Relationship between community structure and seed bank to describe successional dynamics of an Atlantic Coast maritime forest.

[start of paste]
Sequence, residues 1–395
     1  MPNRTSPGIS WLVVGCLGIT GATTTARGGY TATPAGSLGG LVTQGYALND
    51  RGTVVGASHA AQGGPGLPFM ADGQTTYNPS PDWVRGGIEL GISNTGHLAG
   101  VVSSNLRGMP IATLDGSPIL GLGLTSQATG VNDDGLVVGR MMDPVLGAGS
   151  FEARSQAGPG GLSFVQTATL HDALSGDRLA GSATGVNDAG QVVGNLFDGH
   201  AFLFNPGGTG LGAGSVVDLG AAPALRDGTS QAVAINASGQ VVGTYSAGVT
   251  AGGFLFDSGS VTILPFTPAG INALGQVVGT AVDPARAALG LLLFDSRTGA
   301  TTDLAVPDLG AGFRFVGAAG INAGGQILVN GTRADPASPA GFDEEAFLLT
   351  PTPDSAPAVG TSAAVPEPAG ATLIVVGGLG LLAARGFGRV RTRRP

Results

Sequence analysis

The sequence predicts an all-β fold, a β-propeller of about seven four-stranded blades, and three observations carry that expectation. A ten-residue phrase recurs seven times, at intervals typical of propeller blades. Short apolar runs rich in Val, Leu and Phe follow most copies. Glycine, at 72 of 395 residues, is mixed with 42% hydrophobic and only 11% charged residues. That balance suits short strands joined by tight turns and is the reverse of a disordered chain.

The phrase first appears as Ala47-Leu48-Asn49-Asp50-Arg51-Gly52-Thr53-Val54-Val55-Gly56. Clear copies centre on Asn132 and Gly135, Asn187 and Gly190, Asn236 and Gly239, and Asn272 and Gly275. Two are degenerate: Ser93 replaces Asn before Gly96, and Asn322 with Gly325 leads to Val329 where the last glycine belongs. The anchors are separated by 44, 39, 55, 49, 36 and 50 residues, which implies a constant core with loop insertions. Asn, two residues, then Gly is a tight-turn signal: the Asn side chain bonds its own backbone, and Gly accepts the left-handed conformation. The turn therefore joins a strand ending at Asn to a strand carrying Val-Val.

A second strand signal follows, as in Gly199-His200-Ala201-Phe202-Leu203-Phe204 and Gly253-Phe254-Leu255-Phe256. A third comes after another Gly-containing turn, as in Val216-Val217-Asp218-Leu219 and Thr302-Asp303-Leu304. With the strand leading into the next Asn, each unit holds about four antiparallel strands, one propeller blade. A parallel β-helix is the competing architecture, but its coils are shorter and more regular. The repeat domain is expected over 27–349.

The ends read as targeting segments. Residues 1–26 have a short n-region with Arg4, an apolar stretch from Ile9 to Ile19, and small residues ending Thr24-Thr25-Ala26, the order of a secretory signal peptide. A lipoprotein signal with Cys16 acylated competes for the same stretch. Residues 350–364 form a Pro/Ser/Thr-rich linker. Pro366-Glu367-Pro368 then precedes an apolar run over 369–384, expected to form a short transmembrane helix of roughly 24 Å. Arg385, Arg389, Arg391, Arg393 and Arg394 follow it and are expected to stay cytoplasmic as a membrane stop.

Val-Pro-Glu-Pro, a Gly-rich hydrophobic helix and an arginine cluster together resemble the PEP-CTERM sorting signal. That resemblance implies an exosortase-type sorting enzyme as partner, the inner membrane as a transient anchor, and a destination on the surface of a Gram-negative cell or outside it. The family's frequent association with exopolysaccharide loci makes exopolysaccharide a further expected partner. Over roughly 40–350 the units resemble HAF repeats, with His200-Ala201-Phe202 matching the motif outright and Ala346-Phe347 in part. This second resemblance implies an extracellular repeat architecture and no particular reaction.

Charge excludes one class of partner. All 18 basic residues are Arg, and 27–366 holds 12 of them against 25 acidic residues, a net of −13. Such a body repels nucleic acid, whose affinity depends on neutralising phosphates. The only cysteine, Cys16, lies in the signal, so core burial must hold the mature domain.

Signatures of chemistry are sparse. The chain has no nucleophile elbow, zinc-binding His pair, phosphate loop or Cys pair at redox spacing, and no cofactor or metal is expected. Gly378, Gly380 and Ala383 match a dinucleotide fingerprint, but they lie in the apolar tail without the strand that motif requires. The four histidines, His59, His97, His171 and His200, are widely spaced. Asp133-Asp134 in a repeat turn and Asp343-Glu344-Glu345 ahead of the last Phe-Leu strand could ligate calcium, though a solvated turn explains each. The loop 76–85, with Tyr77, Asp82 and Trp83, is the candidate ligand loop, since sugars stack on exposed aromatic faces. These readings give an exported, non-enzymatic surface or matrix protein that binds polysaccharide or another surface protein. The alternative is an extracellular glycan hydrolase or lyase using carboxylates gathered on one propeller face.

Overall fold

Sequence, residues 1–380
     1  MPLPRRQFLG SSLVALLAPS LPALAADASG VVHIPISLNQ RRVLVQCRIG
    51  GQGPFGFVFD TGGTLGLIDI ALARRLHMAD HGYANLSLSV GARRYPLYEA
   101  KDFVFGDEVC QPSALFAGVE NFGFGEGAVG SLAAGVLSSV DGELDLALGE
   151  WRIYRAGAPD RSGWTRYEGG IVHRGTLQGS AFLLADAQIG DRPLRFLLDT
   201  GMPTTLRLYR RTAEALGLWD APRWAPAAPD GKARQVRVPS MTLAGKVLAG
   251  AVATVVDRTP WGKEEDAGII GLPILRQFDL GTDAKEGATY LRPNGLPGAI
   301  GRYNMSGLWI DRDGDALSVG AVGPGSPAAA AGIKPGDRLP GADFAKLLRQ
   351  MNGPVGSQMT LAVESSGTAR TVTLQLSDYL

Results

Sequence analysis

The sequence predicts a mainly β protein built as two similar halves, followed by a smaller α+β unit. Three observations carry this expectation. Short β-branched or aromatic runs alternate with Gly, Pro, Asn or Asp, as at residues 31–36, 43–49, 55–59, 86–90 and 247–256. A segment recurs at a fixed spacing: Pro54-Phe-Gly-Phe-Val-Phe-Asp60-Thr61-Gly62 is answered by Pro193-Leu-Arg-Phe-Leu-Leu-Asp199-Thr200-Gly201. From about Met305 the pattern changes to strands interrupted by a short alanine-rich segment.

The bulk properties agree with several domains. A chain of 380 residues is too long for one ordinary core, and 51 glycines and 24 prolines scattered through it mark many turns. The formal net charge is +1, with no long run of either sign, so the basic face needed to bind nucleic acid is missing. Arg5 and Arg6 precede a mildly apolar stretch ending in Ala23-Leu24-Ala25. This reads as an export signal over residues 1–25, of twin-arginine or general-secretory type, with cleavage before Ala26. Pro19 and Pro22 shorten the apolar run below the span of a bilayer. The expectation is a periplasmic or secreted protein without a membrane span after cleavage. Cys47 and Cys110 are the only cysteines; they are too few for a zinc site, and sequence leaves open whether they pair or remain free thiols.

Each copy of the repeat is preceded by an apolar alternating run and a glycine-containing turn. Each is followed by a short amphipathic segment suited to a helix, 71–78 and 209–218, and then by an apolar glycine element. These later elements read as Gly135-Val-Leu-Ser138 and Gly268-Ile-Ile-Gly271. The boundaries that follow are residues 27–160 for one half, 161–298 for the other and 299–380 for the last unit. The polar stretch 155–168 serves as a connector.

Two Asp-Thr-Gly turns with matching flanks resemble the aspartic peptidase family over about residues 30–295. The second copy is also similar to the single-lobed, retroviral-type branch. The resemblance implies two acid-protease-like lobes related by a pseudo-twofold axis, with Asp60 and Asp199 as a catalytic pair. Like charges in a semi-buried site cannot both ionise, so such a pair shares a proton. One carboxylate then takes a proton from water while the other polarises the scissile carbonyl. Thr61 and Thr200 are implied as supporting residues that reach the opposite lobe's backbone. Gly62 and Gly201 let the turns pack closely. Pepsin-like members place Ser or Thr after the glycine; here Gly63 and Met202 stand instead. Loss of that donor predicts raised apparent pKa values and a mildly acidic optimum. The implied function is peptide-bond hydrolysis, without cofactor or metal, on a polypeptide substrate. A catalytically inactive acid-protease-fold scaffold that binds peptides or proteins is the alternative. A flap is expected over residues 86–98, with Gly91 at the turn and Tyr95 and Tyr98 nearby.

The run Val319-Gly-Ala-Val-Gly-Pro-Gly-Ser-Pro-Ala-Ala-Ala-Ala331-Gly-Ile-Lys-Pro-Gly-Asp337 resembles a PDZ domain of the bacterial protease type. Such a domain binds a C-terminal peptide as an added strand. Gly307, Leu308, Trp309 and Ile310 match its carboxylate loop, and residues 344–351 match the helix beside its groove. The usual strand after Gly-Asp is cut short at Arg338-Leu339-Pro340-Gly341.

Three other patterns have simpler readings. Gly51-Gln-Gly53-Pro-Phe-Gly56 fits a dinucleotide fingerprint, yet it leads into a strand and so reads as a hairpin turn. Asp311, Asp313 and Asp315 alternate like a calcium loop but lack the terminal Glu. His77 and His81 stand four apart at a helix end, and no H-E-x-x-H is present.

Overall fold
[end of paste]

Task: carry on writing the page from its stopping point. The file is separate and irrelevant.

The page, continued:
Relationships between current community composition and the soil seed bank were investigated within a maritime forest on Virginia's Eastern Shore. Forty families, 48 genera, and 52 species were documented in the current community. Three overstory species (Liquidambar styraciflua, Acer rubrum, and Pinus taeda) were dominants and comprised 72% of all overstory trees sampled. Analysis of stem size classes indicated that P. taeda was not recruiting and would eventually be replaced by hardwoods. Ilex opaca, Toxicodendron radicans, and Lonicera japonica comprised the majority of cover in the understory. The forest was in a mid-successional seral stage. In comparison, 31 families, 43 genera, and 45 species were identified from the seed bank. Seed bank composition was largely distinct from the aboveground community, although seven tree species that emerged from the seed bank were present in the overstory. Dissimilarity between the present community and seed bank indicated that replacement of existing species is likely to occur from future seed rain, especially from bird-dispersal. Presence of invasive species within the overstory, understory, and seed bank may alter forest succession.